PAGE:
- Your PCs need to be able to discover at least some of the interests of their antagonist before they all sit down in a room/cave/feywild together. Doctor Strange learns a lot about Dormammu, including that he exists in a dimension outside of time, well before they ever meet. Think of it like a heist — half of the fun is being able to craft a well-informed plan before you ever set foot in the bank. If you want players to learn about these interests "first hand", just make sure they have some kind of out — otherwise they're liable to start throwing fireballs and/or end up in an ugly "unwinnable fight".
In addition, these interests need to be actionable or leverageable. An ogre, an empress, and an archfey all probably have wildly different interests, but all of them probably have interests that they PCs can actually work with. Sauron is a good example of what happens when the antagonist’s interests aren’t leverageable: he only really wants one thing and giving him that thing would mean certain doom for the heroes, so there’s a reason no one is standing up in Elrond’s council being like “Maybe we could sit down and bargain?”.
- Your PCs need a clear understanding of their own goals, interests, and objectives, as well as what they have to “bargain” with. If the players and antagonist want the same thing, that’s a great recipe for drama; if the players and antagonist both want different things from one another, that’s a great recipe for a negotiation — and these recipes are not mutually exclusive! And remember — don't just think in terms of "stuff in your inventory" — get your PCs to think in terms of systems, relationships, and values.
It is also vital that the PC’s objectives/goals accommodate a non-violent or negotiated solution: the objective “get Dormammu to not destroy Earth” gives Strange a ton of leeway to find a way to get Dormammu to back off… the objective “destroy Dormammu”, on the other hand, pretty much relegates us to a fist fight or magical macguffin.
- Outside of just railroading them into it, your PCs will probably need a fairly organic reason why they can’t just charge in and hack and slash their way out of this problem, though this definitely depends on the group and the players. Of the 4 points listed here, this might be the hardest to do without coming up with something that feels clunky and arbitrary… especially if your PCs are high level.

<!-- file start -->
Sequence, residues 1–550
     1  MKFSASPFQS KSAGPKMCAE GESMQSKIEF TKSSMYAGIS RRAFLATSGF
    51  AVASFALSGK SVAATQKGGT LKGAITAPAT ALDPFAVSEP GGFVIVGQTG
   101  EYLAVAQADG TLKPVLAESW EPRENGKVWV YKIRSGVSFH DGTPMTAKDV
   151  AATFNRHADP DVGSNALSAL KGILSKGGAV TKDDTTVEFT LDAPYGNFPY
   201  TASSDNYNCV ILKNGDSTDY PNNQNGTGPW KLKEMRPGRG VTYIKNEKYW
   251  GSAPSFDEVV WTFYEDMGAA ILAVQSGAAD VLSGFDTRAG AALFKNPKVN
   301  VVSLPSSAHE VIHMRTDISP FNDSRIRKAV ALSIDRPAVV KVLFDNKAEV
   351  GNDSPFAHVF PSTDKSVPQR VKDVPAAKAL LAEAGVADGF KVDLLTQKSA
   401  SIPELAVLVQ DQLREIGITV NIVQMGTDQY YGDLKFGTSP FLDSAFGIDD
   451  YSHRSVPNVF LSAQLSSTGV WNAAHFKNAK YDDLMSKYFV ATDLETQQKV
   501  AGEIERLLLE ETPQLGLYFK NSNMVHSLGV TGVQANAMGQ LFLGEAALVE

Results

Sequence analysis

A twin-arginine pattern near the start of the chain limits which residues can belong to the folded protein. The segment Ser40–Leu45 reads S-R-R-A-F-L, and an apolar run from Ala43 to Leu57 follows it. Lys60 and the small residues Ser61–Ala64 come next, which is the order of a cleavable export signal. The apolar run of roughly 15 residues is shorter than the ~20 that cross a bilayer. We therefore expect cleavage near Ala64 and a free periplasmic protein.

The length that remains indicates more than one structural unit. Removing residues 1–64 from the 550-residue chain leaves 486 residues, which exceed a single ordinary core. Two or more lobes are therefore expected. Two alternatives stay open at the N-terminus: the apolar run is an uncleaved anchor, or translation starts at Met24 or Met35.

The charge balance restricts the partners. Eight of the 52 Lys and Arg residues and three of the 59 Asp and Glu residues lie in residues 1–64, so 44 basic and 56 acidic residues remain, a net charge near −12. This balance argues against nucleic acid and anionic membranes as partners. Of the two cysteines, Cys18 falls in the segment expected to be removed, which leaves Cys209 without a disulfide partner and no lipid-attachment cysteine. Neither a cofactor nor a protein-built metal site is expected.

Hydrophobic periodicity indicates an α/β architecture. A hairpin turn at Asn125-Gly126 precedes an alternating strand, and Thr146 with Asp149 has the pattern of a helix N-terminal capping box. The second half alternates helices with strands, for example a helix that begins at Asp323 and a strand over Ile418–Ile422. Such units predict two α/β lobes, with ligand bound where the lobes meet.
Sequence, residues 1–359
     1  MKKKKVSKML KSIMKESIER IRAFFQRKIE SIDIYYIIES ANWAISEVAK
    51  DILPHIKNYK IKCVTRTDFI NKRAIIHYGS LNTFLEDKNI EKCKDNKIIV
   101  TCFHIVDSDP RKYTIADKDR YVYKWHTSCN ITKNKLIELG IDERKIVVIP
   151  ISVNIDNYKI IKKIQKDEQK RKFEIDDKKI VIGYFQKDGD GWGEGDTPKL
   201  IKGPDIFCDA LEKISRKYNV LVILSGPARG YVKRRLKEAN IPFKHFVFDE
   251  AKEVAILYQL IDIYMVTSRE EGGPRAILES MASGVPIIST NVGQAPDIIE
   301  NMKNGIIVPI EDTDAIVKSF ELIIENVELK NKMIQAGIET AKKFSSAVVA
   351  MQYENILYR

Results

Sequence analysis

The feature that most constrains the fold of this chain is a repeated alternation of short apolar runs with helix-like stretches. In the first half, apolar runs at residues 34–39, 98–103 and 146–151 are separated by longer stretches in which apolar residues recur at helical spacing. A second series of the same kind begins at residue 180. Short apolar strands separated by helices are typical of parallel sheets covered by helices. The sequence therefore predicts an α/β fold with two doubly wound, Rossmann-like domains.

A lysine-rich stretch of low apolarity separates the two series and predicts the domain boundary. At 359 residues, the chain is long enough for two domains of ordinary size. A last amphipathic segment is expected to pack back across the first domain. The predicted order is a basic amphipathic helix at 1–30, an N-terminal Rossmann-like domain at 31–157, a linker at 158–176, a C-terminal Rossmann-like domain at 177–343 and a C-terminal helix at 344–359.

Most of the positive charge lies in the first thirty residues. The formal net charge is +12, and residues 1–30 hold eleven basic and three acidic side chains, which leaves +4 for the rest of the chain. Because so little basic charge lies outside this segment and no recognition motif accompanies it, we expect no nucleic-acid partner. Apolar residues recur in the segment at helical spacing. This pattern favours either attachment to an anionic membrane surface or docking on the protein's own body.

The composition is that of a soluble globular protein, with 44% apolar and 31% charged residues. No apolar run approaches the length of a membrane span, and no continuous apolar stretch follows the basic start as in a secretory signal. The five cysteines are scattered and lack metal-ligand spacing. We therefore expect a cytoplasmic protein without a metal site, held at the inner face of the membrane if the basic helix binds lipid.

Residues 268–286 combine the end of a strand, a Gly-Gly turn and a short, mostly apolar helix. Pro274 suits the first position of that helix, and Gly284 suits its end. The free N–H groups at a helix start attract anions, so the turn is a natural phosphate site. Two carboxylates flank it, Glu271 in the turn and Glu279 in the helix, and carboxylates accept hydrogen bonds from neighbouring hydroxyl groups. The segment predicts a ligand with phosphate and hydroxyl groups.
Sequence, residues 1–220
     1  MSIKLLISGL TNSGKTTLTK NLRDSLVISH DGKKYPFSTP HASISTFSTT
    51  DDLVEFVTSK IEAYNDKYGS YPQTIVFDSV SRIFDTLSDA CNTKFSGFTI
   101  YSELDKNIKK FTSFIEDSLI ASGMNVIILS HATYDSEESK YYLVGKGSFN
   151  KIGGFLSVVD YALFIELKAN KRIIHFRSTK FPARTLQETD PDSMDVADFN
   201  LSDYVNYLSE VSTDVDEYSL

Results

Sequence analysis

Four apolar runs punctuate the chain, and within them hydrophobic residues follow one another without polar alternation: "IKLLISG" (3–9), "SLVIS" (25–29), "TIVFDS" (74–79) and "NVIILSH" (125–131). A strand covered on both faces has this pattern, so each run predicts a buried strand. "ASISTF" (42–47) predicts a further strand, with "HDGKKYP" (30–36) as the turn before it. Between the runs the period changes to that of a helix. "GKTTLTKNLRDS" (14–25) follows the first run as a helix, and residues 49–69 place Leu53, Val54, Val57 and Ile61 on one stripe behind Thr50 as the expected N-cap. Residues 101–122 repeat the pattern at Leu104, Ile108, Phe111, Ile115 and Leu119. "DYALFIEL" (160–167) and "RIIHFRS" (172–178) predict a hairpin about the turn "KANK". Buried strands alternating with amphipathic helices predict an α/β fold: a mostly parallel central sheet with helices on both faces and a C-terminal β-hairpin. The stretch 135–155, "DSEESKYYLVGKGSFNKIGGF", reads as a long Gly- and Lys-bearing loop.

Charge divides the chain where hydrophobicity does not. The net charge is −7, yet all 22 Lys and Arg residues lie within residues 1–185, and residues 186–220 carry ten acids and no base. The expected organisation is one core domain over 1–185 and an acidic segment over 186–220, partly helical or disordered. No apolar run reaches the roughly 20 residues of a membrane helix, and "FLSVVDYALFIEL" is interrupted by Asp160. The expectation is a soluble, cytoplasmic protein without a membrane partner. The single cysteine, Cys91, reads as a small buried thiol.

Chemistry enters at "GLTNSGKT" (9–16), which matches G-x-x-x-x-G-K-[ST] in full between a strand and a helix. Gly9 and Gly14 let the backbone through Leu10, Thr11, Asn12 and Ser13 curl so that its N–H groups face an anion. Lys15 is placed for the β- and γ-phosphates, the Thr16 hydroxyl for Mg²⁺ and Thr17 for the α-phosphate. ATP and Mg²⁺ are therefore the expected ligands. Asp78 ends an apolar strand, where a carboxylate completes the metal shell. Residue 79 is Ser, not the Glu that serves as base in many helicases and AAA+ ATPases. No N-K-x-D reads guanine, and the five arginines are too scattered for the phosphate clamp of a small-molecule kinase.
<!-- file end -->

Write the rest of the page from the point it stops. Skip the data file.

, particularly his point about giving players problems that can’t be solved by their character sheets, has some great advice on this point.
Power dynamics are the classic go-to here: Dormammu is vastly more powerful than Doctor Strange, so Strange has no choice but to come up with a creative solution. Another way to think about this is thinking about it like a heist: the premise of a heist is that the objective is vastly more achievable (or maybe only achievable) if things don’t resolve to an all-out brawl. In addition, "mutually assured destruction" can, ironically, help bring people to the negotiating table as well. Think of an classic mobster movie scene: both sides show up for a deal in an alley flanked by a dozen men who are armed to the teeth — not so much as a threat of force but as a means of saying “if we start a fight then we’re both going down, so out of self-interest, we won’t fight” (not that this always works!).
To see how this plays out in D&D itself, there’s a great example of a negotiation in Critical Role Season 2, when the party encounters a hag (Spoilers for Episode 93!).
Mercer gives the antagonist a well-defined, non-material interest, lays it out explicitly for the party, and then gives the PCs basically all the time in the world to sit outside the hag's hut and discuss their plan of attack. Since the Hag is looking for suffering and misery, it forces the PCs to think creatively about their non-material interests and not just what junk they have at the bottom of their inventory list. And because the hag has cursed one of their PCs, that gives them a reason not to just start slashing: not only do they not know if they'll win, but there's no guarantee killing the hag breaks the curse.
Regardless of whether CR is your thing or not, it’s a wonderful encounter — it’s so tense you could hear a pin drop, the stakes are high, the PCs have to get really creative… and Mercer gets his players to sweat buckets for like an hour despite the fact that no weapons are drawn nor are the characters' lives ever directly threatened.
I think that is enough wall of text for today — I hope people find this helpful when thinking about how to set up negotiation-style encounters. In my next post I’ll talk about how to actually “run” the negotiation, including how to make them dynamic and interesting and how to account for “gamey” stuff like insight checks, spells, and that 19+12 persuasion role. Happy negotiating!
- “Do you not understand that while we bicker amongst ourselves, Sauron’s power grows?!” – Running a Negotiation Encounter in D&D
- Has anyone tried this campaign start idea?
- Nobody gives a shit about quest givers
More about Dungeons & Dragons OnlinePost: "“Dormammu, I’ve Come to Bargain”: High Stakes, Exciting Negotiations in D&D" specifically for the game Dungeons & Dragons Online. Other useful information about this game: